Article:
While an overweight dog is pretty easy to spot, it can be trickier to tell if a dog is underweight. Different breeds and body shapes carry fat differently, and animals’ weight can fluctuate over their lives. But it’s important to keep an eye out for, and address, sudden or unexplained weight loss as it can be a sign of other health issues.
How to Tell If Your Dog Is Underweight?
Check Their Ribs
For most breeds, a healthy weight means you’re able to feel their ribs under a light layer of fat. Although, the bones shouldn’t be overly prominent or visibly sticking out. If your dog is underweight you might feel that the area is all skin and bone (with no noticeable tissue).
Check the Base of Their Tail
Feel the base of their tail for protruding bones. As with the ribs, the area should be soft and cushiony without visible protrusions.
Check Their Shoulders and Spine
Once again you should be able to feel the bones here under a light layer of fat. If there is no tissue or they’re starkly protruding they could be too thin.
Take a Bird’s Eye View
Stand over your dog to check their outline from above. While you want there to be a visible waist, it shouldn’t be extreme and their spine, ribs, and hip bones shouldn’t be visible.
Take a Bird’s Eye View
Their tummy should be even with their ribcage, rather than sharply rise up between the hips and ribs. Although, remember this can be subjective depending on breeds. For example, a sharp rise can be natural in a greyhound.
Why Your Dog Is Underweight
Before addressing their weight, it’s important to think about why your dog is looking skinny. Some animals are fussy eaters or just not food motivated (more on that below). But low weight can also be an indicator of something more serious.
If your dog’s weight doesn’t seem food related, it’s important to chat to your vet. They can check if this is a symptom of a larger health issue such as thyroid problems, diabetes, or parasites. It’s also important to have your pet’s teeth examined. They may be hungry but struggling with pain or chewing.
Also, consider their mental health. Like people, dogs experience stress, anxiety, and depression which can cause them to lose interest in their dinner. There are lots of ways to manage this that extend beyond what they’re eating. Once again, chat to your vet.
Finally, remember their birthday. It’s not uncommon for a dog’s appetite to change and reduce as they get older. This could be because they’re literally moving less so not burning as much energy, or they could be struggling with digestion. Either way, it’s worth chatting to your vet (again) about their changing needs. They could require a new feeding plan with different nutritional considerations.
How to Get Your Dog to Gain Weight
Use a Feeding Calculator
If your dog is underweight the first action is often to check they’re eating enough of the right kind of food. A feeding calculator can let you know how many calories they should be consuming for their age, breed, and activity level.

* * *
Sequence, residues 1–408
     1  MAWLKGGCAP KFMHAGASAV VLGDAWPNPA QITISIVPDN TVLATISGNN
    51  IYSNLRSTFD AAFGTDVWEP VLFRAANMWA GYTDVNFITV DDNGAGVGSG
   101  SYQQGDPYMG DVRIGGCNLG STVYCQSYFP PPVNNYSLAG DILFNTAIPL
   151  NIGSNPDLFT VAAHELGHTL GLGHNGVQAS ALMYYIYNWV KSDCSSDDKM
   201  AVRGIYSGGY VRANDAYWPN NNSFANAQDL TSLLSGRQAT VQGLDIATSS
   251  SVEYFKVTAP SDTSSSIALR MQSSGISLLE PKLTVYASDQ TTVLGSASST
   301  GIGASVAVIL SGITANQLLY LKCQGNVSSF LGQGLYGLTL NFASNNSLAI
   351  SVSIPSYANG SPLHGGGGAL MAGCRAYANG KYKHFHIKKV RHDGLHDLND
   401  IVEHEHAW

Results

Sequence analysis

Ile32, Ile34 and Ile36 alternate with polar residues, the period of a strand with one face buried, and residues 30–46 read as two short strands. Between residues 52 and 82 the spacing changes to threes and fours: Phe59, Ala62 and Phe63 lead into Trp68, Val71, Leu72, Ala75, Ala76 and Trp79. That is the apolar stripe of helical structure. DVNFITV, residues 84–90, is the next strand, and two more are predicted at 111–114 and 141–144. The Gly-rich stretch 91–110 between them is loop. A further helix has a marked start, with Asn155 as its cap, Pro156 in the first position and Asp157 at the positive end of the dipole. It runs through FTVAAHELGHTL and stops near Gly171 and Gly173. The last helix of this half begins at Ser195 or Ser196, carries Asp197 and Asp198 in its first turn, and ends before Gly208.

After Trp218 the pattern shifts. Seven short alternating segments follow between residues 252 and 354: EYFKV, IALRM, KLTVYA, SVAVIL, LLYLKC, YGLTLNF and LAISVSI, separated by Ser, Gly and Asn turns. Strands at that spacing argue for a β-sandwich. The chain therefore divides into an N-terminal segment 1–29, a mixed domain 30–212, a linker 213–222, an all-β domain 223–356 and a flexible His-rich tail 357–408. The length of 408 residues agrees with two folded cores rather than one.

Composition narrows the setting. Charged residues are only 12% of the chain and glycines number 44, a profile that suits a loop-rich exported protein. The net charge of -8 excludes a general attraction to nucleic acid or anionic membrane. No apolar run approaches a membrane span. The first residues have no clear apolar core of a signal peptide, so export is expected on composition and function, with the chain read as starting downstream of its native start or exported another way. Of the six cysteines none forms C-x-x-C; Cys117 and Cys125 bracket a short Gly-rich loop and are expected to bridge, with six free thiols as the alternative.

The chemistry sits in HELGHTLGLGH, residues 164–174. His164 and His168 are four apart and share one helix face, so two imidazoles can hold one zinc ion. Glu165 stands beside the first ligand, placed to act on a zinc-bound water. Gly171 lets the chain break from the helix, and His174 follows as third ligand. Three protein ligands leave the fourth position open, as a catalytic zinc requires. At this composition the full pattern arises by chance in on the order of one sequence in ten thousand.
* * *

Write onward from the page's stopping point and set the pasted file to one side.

Increase (Good) Calories
Dog foods brands vary a lot when it comes to nutritional value, so you should be thinking about more than just the number of calories per serve. Think of your diet: you don’t want to hit enough calories through junk, you want a balanced and varied selection of proteins, carbs, fats, and micronutrients.
Some good ways to do this is to focus on healthy oils like salmon and coconut that are high in Omega 3 and 6, as well as DHA to support brain development and healthy fur. Just be aware that it’s not a more is better situation: overdoing it on fats and oils can cause other issues. Consider feeding them a premade product from a high quality, nutritionally complete brand that develops their recipes with dog nutritional specialists.
Mix up Their Routine
A dog’s appetite might not always coincide with dinner time. Try giving them several smaller meals across the day or free feeding (leaving food out for them to eat at their own leisure). Usually free feeding isn’t ideal as it can lead to overeating, but if your dog is underweight, and that’s not a concern, it can be a good way to ensure there’s food available if temptation strikes.
Switching up their regular food might not be enough to get them excited about eating more. Try a new (well balanced) brand or recipe, add fun “toppers” like yogurt or fresh meat to their meal, or simply be more generous with the (healthy) snacks.
Helping your dog gain weight can mean breaking good habits you’ve learned (limiting snacks, regular feeding times etc). That’s ok if you’re working to get them back to a healthy size. Just make sure you don’t let the habits become permanent once they’re feeling better. In which case, you might need to head over here.